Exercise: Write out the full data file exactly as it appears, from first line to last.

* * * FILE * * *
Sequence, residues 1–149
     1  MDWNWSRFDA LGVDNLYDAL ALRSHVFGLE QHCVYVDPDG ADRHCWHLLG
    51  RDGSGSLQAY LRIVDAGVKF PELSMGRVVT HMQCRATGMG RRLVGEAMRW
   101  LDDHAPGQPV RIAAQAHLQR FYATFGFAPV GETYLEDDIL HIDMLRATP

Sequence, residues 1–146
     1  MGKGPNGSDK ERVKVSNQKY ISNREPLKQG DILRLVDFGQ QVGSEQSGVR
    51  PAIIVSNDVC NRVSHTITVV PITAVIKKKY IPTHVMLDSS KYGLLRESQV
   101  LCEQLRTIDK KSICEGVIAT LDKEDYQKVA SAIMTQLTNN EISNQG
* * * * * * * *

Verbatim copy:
Sequence, residues 1–149
     1  MDWNWSRFDA LGVDNLYDAL ALRSHVFGLE QHCVYVDPDG ADRHCWHLLG
    51  RDGSGSLQAY LRIVDAGVKF PELSMGRVVT HMQCRATGMG RRLVGEAMRW
   101  LDDHAPGQPV RIAAQAHLQR FYATFGFAPV GETYLEDDIL HIDMLRATP

Sequence, residues 1–146
     1  MGKGPNGSDK ERVKVSNQKY ISNREPLKQG DILRLVDFGQ QVGSEQSGVR
    51  PAIIVSNDVC NRVSHTITVV PITAVIKKKY IPTHVMLDSS KYGLLRESQV
   101  LCEQLRTIDK KSICEGVIAT LDKEDYQKVA SAIMTQLTNN EISNQG